Recent CPTnet stories

COLOMBIA: The National Agrarian Strike strikes again

From 28 April to 9 May 2014, 3,000 farmers and miners from the Southern Bolivar, Catatumbo, and Cesar regions mobilized near the small town of Norean (three hours north of Barrancabermeja) along with thousands across the country as part of the National Strike, to pressure the national government to negotiate with their leaders in Bogota.  This gathering was the second such mobilization in less than a year, convened after the government failed to fulfill the agreements that ended the first one.


“Excuse us for the inconveniences, we are struggling to guarantee our food sovereignty. Strike for progress. CISCA [Catatumbo
Committee for Social Integration]

Prayers for Peacemakers, May 14, 2014

Prayers for Peacemakers, May 14, 2014

Pray that the Colombian government will fulfill its agreements with small-scale farmers who went on strike in April and May and not pursue a divide and conquer strategy as happened during last year’s agrarian strike.

Epixel* for 18 May 2014

My times are in your hand; deliver me from the hand of my enemies and persecutors. Psalm 31:15
Farmers in Suaza-Florencia are attacked by Colombian National Police 2 May 2014 photo María Antonieta Cano @AntonietaCano
*epixel: a snapshot-epistle to the churches related to and appearing with a text from the upcoming Sunday's RevisedCommon Lectionary readings.

COLOMBIA: Five-thousand small-scale farmers arrive in Aguachica




On Tuesday, 6 May 2014, a thousand riot police and military personnel arrived in the small town of Norian, just north of Aguachica, and surrounded five thousand small-scale farmers who had begun to gather there since 1 May.  This display of force and the restriction of movement has been a part of the government’s strategy to clamp down on the growing Agrarian Strike.

Earlier on Wednesday, police detained 300 farmers traveling to Medellin on the pretext that they would be a threat to the residents of Medellin, since the public forces did not have enough personnel.

We are curating stories of the Agrarian Strike here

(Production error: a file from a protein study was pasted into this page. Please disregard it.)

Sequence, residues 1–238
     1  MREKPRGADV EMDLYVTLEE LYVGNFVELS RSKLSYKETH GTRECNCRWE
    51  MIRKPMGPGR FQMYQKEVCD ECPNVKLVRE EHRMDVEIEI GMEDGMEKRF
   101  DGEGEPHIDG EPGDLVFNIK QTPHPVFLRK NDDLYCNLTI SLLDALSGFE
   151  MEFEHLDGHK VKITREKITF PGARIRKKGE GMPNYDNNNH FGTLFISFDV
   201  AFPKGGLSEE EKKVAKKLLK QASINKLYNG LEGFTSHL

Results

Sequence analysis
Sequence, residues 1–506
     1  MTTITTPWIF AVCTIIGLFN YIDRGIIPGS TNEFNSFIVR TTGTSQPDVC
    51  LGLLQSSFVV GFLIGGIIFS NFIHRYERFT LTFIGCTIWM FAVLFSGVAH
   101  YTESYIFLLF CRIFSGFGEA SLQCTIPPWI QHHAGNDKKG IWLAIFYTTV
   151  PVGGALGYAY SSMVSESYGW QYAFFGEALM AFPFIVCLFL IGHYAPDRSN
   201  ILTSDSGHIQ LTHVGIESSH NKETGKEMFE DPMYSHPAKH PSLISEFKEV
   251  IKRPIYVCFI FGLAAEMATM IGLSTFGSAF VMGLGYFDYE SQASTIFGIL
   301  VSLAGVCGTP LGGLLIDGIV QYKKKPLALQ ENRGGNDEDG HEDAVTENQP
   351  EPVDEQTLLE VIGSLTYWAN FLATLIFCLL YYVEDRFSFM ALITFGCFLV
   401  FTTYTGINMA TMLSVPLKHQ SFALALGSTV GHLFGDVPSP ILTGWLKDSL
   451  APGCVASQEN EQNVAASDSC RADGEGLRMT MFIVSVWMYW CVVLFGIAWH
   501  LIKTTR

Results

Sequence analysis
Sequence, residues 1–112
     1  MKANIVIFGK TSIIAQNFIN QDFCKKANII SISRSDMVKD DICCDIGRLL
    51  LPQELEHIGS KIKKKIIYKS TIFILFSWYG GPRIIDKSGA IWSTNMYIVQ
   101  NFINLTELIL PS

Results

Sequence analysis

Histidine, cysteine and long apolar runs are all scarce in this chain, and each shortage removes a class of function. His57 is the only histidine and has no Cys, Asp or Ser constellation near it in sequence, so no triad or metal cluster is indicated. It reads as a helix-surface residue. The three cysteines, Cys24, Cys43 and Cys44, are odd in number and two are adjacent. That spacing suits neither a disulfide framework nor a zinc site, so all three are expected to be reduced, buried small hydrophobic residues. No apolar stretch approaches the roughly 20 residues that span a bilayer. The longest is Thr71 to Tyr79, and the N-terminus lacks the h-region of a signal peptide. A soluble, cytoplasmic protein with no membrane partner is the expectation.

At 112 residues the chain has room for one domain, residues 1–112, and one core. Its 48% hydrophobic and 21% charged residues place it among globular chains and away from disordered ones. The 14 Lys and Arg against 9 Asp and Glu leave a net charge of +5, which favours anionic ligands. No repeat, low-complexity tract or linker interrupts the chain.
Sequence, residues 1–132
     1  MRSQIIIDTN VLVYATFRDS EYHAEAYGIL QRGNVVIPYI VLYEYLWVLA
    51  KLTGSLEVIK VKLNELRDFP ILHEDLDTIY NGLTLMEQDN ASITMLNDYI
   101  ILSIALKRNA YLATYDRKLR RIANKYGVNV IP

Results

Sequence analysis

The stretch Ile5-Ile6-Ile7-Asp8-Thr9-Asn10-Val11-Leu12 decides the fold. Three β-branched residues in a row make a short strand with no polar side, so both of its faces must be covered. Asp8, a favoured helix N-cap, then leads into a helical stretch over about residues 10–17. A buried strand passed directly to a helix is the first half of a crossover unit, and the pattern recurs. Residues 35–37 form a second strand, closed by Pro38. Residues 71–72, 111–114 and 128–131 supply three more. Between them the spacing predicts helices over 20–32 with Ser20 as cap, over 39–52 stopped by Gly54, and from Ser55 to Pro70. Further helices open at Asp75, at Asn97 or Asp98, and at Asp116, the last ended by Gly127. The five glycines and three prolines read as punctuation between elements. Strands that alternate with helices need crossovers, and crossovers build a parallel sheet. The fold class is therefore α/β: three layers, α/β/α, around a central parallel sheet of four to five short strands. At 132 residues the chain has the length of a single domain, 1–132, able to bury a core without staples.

COLOMBIA URGENT ACTION: Send e-mail to U.S. State Dept this week urging suspension of aid to Colombian military


Take Action: Send a message to the State Department



In the coming week, the Fellowship of Reconciliation (FOR) will be issuing a report about the “False Positive” murders committed by the Colombian military entitled “The Rise and Fall of ‘False Positive’ Killings in Colombia.” (“False positives” were executions of civilians by troops who then claimed the victims were guerrillas killed in combat.)  The research in the report shows that of the Colombian School of the Americas/WHINSEC instructors and graduates from 2001 to 2003 for which information was available, twelve of them 48% had either been charged with a serious crime or commanded units whose members had reportedly committed multiple extrajudicial killings.  John Lindsay Poland, author of the report, will be meeting with State Department Representatives this week.

Accordingly, FOR, SOAWatch, and other NGOs think it is important at this time for immediate e-mail pressure on the State Department to end assistance to the Colombian military.  In February, General Jaime Lasprilla Villamizar was appointed commander of the Colombian Army.  A former instructor at the Western Hemisphere Institute for Security Cooperation (formerly known as the School of the Americas) General Lasprilla previously commanded Task Force Omega, which received tens of millions of dollars in U.S. training, supplies and equipment, under Washington’s ill-conceived drug war and “war on terror.”  In 2006-2007, Lasprilla directed the Ninth Brigade in Colombia’s Huila Department, which was responsible for at least seventy-five killings of civilians under his command.  Lasprilla’s appointment shows that Colombia is continuing its culture of impunity regarding military human rights abuses.

COLOMBIA: Holy Week delegation transforms gate of oppression at Las Pavas

On 16 April 2014 our twelve-person delegation traveled by van, motorized canoe, and foot to the community of Las Pavas.

We arrived at a community in mourning for the death of Rogelio Campos Gonzales.  Also known as “Pipio,” he died on 13 April, after suffering a heart attack.  Those living on the farm struggle with the question, “if the gate [that the palm oil company Aportes San Isidro had installed across the one road leading into Las Pavas to access difficult] did not exist, would it have been possible to avoid this tragedy?”

Even during this difficult time for the community, they received us with love and told and sang their stories.  While we listened, it was difficult to contain our emotions.

The gate for the people of Las Pavas represents oppression, death, isolation, discrimination, humiliation, and prison.  One of the purposes of our trip was to participate in a public action to redefine the gate that the security guards use to control movement from a symbol of oppression into a symbol of hope, peace, and freedom.